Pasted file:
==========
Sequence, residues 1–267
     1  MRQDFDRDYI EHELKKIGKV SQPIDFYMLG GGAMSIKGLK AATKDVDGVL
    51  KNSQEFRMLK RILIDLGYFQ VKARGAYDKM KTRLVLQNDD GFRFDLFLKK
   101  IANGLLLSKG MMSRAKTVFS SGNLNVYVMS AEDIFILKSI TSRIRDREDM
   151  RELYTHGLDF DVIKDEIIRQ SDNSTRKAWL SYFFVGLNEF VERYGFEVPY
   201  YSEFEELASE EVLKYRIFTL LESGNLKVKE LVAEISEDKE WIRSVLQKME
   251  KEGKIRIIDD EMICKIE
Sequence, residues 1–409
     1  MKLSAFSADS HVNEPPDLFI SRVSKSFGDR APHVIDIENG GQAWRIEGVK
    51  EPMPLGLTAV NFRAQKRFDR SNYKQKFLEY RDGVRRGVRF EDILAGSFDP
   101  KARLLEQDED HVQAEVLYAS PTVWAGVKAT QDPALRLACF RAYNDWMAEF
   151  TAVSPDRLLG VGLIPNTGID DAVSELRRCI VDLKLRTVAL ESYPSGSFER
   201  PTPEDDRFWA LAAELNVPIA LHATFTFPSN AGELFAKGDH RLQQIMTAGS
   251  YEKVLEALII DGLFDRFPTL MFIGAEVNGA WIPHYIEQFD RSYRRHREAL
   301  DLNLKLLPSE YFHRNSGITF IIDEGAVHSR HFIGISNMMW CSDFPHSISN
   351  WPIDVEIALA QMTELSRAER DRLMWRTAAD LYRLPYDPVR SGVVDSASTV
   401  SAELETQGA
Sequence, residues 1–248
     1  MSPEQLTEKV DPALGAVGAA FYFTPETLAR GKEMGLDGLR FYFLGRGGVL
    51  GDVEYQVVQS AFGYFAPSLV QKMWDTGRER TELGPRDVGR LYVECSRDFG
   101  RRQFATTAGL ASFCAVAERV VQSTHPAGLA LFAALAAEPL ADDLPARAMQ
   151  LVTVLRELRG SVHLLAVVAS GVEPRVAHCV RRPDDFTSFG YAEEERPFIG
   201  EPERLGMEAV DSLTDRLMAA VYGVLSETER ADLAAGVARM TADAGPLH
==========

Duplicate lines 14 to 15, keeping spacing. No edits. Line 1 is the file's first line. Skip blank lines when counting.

   251  YEKVLEALII DGLFDRFPTL MFIGAEVNGA WIPHYIEQFD RSYRRHREAL
   301  DLNLKLLPSE YFHRNSGITF IIDEGAVHSR HFIGISNMMW CSDFPHSISN